Greek poet and physician Nicander of Colophon isn’t a household name today, but his interest in poisons in the mid-second century B.C. inspired him to write two poems on the subject: Theriaca and Alexipharmaca. These two poems also happen to be the oldest existing works available to us on substances that can make us sick or kill us.
Theriaca covers venomous snakes (including the elusive amphisbaena, which had a head at both ends of its body), spiders, and scorpions. Nicander’s remedy for snake bite, incidentally, was a balsam of the flesh of mating snakes, stag’s marrow, wax, rose, and olive oil applied to the skin.
Alexipharmaca leans more toward the vegetable and mineral poisons, but it also includes the earliest written observation of acute lead poisoning. Nicander described the effect as a frothing of the mouth, asperity of the tongue, and a dry throat accompanied by dry retching, chills, delusions, and overwhelming fatigue. The treatment? Nicander suggested various herbs and olive oil as an emetic to induce vomiting.
Today, we know more about lead’s etiology than we did two millennia ago, but, like the ancient Romans, who were the first people to use lead widely, we have a history of thinking that exposure to small doses of the metal poses no harm. The Roman Empire produced more than 80,000 metric tons of lead annually at its height and used the substance for everything from cooking utensils to plumbing. (By comparison, the U.S. produced 1.6 million metric tons of lead in 2012.) However, there is no concrete evidence that the effects of lead poisoning caused the fall of the Roman Empire.
Speaking of plumbing, lead pipes were also used throughout the United States in 1800s for making drinking water available; by 1900, more than 70 percent of cities with 30,000 or more residents were using lead-based products for conveying water because they were relatively cheap and easy to work with. Although the toxic effects of lead were known at the time, there was no concerted effort to ban lead plumbing until the 1920s.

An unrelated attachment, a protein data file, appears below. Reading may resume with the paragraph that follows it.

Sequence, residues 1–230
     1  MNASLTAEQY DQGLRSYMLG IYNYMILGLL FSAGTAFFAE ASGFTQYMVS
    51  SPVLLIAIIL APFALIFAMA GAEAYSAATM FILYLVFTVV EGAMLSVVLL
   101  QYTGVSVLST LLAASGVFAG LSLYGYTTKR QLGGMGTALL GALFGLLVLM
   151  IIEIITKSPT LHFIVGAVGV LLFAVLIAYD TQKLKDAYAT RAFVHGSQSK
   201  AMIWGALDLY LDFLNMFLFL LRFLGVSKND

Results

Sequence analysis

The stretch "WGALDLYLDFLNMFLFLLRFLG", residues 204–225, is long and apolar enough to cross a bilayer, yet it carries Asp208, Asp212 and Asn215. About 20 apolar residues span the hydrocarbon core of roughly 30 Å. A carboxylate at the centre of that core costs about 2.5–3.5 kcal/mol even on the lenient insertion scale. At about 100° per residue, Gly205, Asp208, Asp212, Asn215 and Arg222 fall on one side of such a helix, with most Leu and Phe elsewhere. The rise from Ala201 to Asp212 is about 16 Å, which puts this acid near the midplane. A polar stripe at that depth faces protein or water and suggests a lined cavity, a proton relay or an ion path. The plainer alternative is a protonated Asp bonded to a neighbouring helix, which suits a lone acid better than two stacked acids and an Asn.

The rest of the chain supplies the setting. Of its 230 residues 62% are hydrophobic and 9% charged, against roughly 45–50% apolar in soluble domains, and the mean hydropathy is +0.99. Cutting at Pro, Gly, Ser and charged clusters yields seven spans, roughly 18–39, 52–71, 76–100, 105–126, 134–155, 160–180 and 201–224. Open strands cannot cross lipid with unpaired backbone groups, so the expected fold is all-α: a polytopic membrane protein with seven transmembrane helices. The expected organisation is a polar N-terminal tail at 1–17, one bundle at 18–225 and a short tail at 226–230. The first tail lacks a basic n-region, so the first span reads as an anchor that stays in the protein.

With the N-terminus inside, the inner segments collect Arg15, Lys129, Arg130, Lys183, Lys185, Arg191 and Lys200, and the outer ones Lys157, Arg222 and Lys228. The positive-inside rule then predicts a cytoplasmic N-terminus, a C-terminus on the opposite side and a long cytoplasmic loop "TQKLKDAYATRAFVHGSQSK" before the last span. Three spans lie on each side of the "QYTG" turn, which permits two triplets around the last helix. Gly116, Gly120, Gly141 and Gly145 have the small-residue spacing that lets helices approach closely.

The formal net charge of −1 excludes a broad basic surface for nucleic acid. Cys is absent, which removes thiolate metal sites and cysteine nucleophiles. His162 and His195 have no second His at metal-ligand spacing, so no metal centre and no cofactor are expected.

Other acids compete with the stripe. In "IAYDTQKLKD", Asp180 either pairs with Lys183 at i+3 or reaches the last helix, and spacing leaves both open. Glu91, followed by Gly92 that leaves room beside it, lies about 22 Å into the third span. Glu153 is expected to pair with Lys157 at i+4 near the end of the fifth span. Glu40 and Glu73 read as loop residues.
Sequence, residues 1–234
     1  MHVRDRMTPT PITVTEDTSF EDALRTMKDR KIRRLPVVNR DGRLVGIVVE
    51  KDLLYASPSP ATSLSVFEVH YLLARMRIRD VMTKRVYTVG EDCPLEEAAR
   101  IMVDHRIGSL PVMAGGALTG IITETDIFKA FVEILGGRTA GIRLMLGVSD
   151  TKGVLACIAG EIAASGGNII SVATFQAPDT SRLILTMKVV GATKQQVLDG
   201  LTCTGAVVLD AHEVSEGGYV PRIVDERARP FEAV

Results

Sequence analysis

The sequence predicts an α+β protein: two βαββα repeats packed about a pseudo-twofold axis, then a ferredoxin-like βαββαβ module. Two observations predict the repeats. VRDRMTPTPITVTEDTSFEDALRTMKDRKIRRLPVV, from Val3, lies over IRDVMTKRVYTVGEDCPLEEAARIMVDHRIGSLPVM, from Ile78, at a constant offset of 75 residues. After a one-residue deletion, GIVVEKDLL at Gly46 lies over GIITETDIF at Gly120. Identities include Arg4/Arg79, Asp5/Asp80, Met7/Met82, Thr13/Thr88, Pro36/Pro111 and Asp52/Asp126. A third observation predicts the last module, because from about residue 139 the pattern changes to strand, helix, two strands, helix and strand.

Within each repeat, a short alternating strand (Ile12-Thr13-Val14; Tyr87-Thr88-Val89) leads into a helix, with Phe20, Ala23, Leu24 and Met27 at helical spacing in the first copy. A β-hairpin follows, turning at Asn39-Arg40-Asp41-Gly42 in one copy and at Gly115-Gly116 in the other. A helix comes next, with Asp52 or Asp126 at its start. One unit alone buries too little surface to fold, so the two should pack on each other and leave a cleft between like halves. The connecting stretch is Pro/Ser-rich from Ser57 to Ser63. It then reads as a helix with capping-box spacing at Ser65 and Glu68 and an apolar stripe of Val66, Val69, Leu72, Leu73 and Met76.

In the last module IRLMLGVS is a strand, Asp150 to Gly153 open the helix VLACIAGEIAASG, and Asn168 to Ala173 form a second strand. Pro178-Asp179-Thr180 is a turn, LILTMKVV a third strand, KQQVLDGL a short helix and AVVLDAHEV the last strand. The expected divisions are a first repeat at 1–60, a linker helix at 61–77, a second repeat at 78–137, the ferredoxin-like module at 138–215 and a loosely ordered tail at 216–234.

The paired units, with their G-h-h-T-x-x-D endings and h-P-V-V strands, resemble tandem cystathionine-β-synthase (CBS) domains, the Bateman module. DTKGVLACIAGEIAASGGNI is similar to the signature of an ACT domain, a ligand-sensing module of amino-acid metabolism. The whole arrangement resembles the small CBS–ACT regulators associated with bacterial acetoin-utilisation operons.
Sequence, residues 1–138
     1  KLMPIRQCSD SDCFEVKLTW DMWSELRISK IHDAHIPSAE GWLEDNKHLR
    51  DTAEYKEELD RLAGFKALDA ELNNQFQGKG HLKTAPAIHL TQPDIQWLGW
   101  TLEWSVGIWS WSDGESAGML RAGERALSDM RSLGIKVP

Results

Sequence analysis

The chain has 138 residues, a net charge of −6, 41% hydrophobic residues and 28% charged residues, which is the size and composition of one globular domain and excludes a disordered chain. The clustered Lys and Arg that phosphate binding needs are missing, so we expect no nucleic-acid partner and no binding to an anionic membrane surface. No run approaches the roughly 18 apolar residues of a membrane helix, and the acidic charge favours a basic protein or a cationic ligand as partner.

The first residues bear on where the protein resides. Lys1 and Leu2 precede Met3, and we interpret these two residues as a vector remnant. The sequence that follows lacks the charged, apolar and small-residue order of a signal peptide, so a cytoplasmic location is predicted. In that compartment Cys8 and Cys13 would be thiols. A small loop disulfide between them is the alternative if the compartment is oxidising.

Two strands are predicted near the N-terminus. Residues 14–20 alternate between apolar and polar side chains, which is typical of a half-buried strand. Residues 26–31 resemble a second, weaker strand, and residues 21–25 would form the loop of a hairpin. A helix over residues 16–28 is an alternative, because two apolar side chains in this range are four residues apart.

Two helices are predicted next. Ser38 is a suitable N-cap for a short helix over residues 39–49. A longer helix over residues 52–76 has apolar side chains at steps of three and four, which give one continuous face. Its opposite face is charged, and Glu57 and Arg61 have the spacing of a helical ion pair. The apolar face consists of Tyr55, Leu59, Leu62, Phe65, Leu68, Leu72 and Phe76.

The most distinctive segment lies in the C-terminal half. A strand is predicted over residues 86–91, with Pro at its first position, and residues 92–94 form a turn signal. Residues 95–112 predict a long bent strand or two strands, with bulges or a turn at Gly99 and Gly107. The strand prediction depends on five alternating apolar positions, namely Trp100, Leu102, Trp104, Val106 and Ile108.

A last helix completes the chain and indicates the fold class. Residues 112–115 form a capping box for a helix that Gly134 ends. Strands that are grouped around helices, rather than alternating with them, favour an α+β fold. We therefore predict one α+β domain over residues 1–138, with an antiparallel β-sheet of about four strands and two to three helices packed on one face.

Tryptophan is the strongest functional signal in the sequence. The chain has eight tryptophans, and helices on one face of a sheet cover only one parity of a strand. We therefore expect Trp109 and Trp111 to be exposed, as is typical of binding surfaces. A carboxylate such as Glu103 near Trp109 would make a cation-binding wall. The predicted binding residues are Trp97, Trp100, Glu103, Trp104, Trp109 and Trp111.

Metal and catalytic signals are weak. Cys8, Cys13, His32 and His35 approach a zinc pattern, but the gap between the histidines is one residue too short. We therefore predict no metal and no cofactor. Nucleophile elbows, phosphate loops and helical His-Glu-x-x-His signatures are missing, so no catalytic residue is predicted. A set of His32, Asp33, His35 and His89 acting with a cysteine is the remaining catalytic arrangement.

Lead may not have been the healthiest choice for conveying water, but it had many other consumer applications. The early 1920s also happened to mark the peak in sales of white lead pigments for interiors of American homes and the first commercial sales of leaded gasoline.
Of course, as we know now, those products proved to be unhealthful, too. Thanks, in part, to epidemiologist and pediatrician Philip J. Landrigan’s detailed studies of lead poisoning in children near ASARCO’s El Paso, Texas, smelting plant in the 1970s, the federal government enacted a number of laws that banned lead from gasoline, paint, water pipes, and food cans, and set exposure limits for workers. Average blood lead levels among U.S. adults fell from 13.1 micrograms per deciliter (μg/dL) between 1976 and 1980 to 1.09 micrograms per deciliter in 2012; there was a corresponding drop in blood lead levels of American children as well. The result was one of this country’s most significant public health achievements in the past 50 years.